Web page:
A new report from the Indigenous Environmental Network and Oil Change International finds that Indigenous resistance has stopped or delayed greenhouse gas pollution equivalent to at least one-quarter of annual U.S. and Canadian emissions.
The report highlights and analyzes 26 Indigenous frontline struggles in the past decade against a variety of fossil fuel projects across Turtle Island over all stages of the fossil fuel development chain. Their analysis reveals that Indigenous resistance to carbon over the past decade has stopped projects equivalent to 400 new coal-fired power plants, or roughly 345 million new passenger vehicles. Additionally, Indigenous resistance has helped shift public debate around fossil fuels and Indigenous Rights, while averting lock-in of carbon-intensive projects.
Here is the press release for the full report:
Indigenous Resistance has stopped or delayed greenhouse gas pollution equivalent to at least 25% of annual U.S. & Canadian emissions. The numbers don’t lie. Indigenous peoples have long led the fight to protect Mother Earth and the only way forward is to center Indigenous knowledge and keep fossil fuels in the ground.
Today, the Indigenous Environmental Network and Oil Change International released a new report entitled Indigenous Resistance Against Carbon. The report analyzes the impact Indigenous resistance to fossil fuel projects in the United States and Canada has had on greenhouse gas emissions over the past 10 years. From the struggle against the Cherry Point coal export terminal in Lummi territory to fights against pipelines crossing critical waterways, Indigenous land defenders have exercised their rights and responsibilities to not only stop fossil fuel projects in their tracks, but establish precedents to build successful social justice movements.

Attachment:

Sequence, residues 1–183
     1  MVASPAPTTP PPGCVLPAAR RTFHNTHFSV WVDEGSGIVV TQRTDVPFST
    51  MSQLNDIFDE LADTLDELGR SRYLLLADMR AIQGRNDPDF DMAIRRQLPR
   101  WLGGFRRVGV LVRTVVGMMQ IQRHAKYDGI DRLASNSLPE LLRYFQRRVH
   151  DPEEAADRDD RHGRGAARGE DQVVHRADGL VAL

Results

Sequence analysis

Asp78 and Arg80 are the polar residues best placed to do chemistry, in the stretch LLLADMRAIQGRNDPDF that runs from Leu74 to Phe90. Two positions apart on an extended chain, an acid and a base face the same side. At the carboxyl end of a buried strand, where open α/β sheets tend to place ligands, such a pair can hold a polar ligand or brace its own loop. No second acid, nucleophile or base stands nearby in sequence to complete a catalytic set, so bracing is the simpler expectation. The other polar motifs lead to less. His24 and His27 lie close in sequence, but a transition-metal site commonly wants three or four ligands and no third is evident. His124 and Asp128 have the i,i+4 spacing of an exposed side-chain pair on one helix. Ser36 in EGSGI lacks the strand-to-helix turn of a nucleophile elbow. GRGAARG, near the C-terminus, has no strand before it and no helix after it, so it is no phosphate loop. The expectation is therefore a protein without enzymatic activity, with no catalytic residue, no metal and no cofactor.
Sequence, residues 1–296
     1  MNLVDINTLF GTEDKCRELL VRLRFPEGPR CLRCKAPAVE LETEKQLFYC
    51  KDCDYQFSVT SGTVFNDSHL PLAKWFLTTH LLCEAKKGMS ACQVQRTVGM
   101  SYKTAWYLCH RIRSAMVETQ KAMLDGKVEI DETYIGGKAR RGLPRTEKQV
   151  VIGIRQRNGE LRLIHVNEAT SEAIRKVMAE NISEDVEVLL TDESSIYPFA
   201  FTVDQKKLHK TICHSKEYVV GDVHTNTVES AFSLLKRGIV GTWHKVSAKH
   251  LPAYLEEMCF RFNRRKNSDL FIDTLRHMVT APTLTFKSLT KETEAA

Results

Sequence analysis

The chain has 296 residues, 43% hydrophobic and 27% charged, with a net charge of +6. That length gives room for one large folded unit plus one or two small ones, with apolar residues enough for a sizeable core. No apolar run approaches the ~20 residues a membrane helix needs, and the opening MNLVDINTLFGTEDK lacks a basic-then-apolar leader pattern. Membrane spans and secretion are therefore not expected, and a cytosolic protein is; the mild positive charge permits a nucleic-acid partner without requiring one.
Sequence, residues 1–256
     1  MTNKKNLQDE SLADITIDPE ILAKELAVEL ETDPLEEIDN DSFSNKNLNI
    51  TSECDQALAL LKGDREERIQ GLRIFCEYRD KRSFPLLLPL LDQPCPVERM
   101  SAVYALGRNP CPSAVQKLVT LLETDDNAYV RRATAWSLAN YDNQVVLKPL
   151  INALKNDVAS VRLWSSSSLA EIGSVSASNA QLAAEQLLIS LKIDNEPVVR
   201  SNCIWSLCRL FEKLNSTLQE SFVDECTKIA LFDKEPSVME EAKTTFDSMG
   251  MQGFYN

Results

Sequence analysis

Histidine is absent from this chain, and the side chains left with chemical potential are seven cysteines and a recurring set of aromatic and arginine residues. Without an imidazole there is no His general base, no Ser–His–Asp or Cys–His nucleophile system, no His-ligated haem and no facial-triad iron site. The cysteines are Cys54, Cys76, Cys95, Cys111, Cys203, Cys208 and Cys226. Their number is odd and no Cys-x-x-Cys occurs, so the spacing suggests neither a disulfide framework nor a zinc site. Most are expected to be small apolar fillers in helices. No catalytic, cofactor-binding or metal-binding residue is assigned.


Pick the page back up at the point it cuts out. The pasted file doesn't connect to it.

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The new report is based on an analysis of 20 fossil fuel projects that have been stopped or delayed in the past 10 years due to Indigenous communities resisting across what is currently called the United States and Canada. Given the current climate crisis, Indigenous peoples are demonstrating that the assertion of Indigneous Rights not only upholds a higher moral standard, but provides a crucial path to confronting climate change head-on and reducing emissions.
The recently released United Nations climate change report by the Intergovernmental Panel on Climate Change (IPCC) states that in order to properly mitigate the worst of the climate crisis, rapid and large-scale action must be taken, with a focus on immediate reduction of fossil fuel emissions. As the United Nations prepares for its upcoming COP 26 climate change conference in Glasgow, Scotland, countries are being asked to update their pledges to cut emissions — but as the IPCC report states, current pledges fall short of the changes needed to mitigate the climate chaos already millions of people around the world.
While United Nations member countries continue to ignore the IPCC’s scientists and push false solutions and dangerous distractions like the carbon markets in Article 6 of the Paris Agreement, Indigenous peoples continue to put their bodies on the line for Mother Earth. False solutions do not address the climate emergency at its root, and instead have damaging impacts like continued land grabs from Indigenous Peoples in the Global South. Indigenous social movements across Turtle Island have been pivotal in the fight for climate justice.
Read the full report: https://www.ienearth.org/